Can You Keep A Vegetable Garden Going Year-Round?

Can You Keep A Vegetable Garden Going Year Round
Can You Keep A Vegetable Garden Going Year Round

Vegetable garden For many backyard horticulturalists, there’s one question that often needs answering. Can you keep a vegetable garden going all year round? The short answer? Yes, but you may need to make some changes to your existing setup in order to make it work.

What To Plant

It’s reasonably common knowledge that many plants are seasonal, with varying crops during the spring, summer, autumn and winter months. Although there are some exceptions – some are covered below – if you want to plant some of these seasonal plants you’ll either need to rotate what plants are in your vegetable gardens or leave parts of your garden bare for some months of the year.

Spring and Summer

Spring gardening tends to focus on plants that thrive with regular watering and through long exposure to the sun.


There are two types of beans, bush and pole. Beans yield throughout the year, although they tend to die down during periods of frost and tend not to. For best results, begin planting in late April and plant a new row of beans every 2 weeks.


Carrots are tough plants that enjoy moisture in the soil, particularly in the early days of their germination. The best time to plant carrots is at the tail end of winter, around three weeks before spring – or in any long stretch of cool weather. Although they won’t emerge within the winter, by early spring you should have a crop of carrots ready to harvest.


Cucumbers thrive in hot weather, requiring a considerable amount of warmth and sunlight in order to survive. These plants need to be watered regularly, and although they can be grown outside of summer the long summer days of direct sunlight encourage the best results.


Like carrots, peas enjoy cool weather, although they are not quite as hardy as plants like carrots. It’s usually safe to plant them in the last two weeks of winter, with another crop planted every two weeks thereafter just like beans. Peas can be planted and harvested like this until the early weeks of summer.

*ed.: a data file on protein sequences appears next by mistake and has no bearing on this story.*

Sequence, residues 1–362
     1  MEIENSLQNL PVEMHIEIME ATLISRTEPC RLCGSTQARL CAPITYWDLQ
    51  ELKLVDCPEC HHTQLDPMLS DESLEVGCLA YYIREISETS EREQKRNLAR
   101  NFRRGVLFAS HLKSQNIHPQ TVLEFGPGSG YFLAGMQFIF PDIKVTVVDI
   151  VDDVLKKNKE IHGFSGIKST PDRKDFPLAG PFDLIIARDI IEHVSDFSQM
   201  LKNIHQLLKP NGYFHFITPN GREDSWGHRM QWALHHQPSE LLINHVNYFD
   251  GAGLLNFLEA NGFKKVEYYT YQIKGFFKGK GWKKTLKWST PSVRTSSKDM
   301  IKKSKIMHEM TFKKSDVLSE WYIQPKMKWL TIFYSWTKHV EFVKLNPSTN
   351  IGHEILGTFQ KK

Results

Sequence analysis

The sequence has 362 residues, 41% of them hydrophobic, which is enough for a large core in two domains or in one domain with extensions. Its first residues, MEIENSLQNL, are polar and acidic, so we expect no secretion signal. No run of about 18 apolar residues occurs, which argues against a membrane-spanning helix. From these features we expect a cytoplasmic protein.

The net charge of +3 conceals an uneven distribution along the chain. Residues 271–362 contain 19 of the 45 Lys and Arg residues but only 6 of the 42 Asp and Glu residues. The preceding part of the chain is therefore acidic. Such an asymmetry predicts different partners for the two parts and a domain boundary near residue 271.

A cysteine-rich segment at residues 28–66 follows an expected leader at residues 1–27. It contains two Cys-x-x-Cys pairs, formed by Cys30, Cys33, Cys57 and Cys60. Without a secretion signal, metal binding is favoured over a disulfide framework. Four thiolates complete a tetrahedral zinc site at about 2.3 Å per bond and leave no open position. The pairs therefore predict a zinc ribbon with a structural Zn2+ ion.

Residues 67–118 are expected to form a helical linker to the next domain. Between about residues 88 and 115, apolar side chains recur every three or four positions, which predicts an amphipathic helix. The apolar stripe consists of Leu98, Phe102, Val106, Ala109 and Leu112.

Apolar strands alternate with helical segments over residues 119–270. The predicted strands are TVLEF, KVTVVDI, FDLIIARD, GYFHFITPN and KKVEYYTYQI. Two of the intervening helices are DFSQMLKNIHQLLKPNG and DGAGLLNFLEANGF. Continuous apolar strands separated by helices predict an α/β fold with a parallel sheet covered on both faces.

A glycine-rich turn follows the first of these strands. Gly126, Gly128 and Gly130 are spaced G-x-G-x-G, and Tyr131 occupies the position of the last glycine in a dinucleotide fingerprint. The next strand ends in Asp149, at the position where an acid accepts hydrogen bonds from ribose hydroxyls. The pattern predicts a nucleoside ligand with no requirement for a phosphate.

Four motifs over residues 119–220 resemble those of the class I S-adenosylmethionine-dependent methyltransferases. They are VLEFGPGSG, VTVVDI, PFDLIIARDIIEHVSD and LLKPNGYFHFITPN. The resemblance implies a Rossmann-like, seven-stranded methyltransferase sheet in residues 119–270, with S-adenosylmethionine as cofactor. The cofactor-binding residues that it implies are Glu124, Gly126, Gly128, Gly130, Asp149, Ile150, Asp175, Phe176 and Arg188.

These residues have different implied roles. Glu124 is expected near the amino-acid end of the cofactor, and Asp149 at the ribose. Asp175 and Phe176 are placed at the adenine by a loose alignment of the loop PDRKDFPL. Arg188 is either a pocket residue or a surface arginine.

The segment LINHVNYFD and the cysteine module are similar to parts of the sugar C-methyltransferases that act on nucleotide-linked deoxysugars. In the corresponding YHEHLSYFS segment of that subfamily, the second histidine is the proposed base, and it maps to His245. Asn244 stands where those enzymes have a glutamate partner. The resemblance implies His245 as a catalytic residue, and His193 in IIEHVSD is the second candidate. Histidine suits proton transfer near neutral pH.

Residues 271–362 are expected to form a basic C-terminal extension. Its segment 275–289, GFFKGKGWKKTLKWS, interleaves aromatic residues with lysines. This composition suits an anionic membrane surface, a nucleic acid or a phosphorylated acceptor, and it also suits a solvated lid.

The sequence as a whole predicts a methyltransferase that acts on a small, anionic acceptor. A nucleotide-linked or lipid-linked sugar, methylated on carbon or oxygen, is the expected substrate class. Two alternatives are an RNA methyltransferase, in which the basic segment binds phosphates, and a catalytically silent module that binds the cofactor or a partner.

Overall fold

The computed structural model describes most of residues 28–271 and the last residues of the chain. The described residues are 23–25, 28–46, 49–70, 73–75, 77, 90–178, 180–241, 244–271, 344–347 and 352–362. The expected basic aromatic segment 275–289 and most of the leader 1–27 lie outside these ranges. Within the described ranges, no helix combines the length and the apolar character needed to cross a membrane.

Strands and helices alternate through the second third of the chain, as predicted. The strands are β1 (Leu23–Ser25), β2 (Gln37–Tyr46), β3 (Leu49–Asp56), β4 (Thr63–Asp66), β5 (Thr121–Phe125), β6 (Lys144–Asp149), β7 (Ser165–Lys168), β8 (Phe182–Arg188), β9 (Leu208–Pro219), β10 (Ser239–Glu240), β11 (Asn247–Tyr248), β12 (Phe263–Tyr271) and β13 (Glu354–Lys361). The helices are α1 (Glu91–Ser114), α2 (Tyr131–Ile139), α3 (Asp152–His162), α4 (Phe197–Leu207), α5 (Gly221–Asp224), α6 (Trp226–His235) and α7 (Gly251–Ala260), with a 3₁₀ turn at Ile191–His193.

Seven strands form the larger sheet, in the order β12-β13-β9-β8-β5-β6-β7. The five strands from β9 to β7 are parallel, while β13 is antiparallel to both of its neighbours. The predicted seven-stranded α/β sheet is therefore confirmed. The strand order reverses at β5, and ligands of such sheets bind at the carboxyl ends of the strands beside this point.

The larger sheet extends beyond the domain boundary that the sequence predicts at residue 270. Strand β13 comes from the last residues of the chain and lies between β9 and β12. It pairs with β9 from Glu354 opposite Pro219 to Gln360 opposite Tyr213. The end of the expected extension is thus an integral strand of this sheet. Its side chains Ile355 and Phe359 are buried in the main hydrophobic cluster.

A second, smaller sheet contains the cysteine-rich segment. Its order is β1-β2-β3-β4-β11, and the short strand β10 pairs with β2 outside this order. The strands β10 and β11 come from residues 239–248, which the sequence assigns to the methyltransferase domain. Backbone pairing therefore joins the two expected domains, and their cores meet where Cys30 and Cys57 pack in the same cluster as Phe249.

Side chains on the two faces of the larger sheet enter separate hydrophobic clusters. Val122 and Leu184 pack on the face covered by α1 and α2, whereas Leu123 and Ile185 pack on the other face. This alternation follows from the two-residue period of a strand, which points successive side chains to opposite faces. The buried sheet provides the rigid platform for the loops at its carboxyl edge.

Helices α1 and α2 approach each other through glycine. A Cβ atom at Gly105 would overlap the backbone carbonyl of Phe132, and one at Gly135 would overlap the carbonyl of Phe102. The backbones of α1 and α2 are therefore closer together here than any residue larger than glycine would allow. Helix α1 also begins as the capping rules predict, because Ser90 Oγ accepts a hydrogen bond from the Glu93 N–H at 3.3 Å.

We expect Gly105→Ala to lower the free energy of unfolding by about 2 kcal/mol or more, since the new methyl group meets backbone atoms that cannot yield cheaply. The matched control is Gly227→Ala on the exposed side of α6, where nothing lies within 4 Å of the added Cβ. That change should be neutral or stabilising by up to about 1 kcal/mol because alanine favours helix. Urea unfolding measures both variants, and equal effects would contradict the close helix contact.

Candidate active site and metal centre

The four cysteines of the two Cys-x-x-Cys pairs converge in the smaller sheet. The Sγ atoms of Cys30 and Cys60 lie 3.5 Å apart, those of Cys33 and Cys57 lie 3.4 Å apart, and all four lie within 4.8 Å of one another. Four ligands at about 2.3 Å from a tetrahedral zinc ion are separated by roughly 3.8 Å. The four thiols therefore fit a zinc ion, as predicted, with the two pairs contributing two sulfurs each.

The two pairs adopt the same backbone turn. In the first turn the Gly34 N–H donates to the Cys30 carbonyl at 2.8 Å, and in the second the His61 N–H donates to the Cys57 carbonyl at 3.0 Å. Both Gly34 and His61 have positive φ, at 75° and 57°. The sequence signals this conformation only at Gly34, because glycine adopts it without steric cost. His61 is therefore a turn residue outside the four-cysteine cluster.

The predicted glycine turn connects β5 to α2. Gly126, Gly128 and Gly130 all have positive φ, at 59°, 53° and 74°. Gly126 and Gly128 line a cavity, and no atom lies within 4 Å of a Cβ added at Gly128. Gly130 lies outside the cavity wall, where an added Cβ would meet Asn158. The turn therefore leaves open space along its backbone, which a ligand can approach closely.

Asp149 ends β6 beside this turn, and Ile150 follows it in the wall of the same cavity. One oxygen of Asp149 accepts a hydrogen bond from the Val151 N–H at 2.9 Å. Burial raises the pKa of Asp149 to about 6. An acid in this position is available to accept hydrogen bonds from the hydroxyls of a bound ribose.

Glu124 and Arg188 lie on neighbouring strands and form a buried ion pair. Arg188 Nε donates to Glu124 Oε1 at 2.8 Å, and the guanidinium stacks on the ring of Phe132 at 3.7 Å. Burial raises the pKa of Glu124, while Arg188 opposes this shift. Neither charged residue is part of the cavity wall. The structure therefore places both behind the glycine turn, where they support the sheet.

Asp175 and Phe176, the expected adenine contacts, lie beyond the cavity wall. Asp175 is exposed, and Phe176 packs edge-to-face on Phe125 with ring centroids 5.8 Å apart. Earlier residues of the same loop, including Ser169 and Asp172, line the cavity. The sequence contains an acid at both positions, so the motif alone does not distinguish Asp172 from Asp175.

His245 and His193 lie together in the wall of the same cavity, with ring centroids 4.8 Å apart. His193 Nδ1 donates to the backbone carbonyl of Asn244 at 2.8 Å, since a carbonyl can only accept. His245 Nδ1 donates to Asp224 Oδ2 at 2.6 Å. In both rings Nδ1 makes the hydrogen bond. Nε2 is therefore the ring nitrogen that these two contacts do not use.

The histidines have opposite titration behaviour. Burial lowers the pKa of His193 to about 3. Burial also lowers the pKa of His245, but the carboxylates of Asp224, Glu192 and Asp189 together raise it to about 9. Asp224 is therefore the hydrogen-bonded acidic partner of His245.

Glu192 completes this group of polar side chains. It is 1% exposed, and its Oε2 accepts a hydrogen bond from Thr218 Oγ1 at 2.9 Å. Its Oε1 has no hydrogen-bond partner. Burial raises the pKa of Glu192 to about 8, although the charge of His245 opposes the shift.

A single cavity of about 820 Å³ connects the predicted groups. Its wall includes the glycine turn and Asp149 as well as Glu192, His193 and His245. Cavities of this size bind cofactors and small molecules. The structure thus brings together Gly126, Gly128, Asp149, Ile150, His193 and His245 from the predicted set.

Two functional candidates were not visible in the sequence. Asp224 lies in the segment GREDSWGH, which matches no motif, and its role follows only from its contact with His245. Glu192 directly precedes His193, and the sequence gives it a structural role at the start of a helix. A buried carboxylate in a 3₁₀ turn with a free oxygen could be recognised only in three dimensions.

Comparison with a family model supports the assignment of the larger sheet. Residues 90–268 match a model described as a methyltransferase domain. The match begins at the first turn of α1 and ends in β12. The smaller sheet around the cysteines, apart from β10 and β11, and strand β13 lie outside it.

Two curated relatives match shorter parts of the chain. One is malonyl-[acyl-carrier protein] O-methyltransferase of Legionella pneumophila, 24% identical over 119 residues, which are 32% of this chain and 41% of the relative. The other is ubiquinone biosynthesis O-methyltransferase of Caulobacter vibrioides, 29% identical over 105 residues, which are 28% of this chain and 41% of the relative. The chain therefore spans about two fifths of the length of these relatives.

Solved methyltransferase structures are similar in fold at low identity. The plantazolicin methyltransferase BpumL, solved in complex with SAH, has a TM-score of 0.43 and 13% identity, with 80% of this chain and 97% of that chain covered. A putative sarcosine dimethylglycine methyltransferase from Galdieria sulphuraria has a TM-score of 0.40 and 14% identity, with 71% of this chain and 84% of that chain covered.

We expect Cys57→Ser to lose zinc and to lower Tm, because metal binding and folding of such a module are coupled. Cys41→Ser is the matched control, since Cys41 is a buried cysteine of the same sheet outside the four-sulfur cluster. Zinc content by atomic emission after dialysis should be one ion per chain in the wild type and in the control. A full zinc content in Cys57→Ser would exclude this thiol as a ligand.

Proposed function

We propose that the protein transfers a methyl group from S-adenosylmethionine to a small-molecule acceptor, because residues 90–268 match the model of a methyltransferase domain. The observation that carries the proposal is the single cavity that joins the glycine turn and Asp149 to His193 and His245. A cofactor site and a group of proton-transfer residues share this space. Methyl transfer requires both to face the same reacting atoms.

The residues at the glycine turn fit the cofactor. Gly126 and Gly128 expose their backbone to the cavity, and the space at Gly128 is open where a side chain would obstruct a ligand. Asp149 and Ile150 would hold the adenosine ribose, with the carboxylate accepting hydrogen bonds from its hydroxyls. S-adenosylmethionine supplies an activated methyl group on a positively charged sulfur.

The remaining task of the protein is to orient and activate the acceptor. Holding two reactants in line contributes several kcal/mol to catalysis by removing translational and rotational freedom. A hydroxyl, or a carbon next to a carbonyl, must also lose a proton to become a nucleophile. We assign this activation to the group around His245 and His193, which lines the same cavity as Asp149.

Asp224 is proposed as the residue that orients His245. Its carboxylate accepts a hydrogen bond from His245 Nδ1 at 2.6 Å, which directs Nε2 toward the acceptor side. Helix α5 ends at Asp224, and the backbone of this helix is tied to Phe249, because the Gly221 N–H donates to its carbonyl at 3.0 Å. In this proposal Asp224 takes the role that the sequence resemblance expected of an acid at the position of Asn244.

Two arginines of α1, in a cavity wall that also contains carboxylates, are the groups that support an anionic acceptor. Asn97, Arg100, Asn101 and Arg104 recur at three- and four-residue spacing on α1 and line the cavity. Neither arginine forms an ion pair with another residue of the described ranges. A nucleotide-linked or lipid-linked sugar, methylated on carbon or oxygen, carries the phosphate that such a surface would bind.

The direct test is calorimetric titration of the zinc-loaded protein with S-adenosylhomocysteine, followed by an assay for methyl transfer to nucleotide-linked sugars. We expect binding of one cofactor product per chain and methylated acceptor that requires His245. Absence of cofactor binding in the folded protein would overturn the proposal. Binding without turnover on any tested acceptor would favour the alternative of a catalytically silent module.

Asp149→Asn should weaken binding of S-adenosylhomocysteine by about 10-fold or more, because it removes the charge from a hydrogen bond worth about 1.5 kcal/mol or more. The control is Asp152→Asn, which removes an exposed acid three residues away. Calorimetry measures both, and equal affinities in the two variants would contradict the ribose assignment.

A type of squash, the Zucchini is particularly suited for the spring and summer months. The earliest you can plant them is typically one week before spring, however, you’ll need to harvest them relatively early during summer as the scorching heat can be a problem for them.

Autumn and Winter

If you’re thinking of tackling winter veggie gardening the first thing to know is that for many of the crops we’ve mentioned already, there are winter variants that thrive in the colder seasons.


Beets require only a little warmth, a little sun, and good watering to thrive. You can begin planting in late autumn, and planting a row of beets every three weeks should ensure a continuous yield throughout the winter months.


Another cold-weather plant is Spinach, and this one is particularly resilient to frosty conditions. Planting a row every two weeks in the autumn months should ensure a continuous yield throughout winter.

Winter Squash

The winter squash enjoys conditions similar to that of the zucchini, making an excellent plant to switch between from one season to the other. However, unlike the zucchini which should be harvested relatively early, the winter squash takes a long time to ripen and should only be harvested once it has reached full maturity.

All Season


Although it does need to be protected over the summer, lettuce is a crop that can be cultivated year-round. There are many kinds of lettuce, and multiple harvests can be obtained throughout the year.


An incredibly resilient plant, a healthy batch of radishes can be planted and harvested every three weeks all year round. So long as the soil is kept consistently moist they will thrive even with less than optimal sunlight.


Another highly resilient plant, Kale can be planted and harvested all throughout the year – even during summer so long as they are protected from the scorching heat. Filtering sunlight and keeping them warm instead of hot can be key, but Kale also thrives in periods of frost – often tasting better as a result.

Keeping It Thriving

Each plant does have different needs, so if you’re going to keep it thriving you’ll need to carefully consider each crop’s needs in terms of fertiliser, sunlight and water. For best results, you might want to section each part of your garden for each plant, but if you’re constantly rotating plants in the same garden you’ll need to pay close attention to the nutritional needs of your plants to ensure they’re getting the right amount of sunlight, water and nutrients in the soil.

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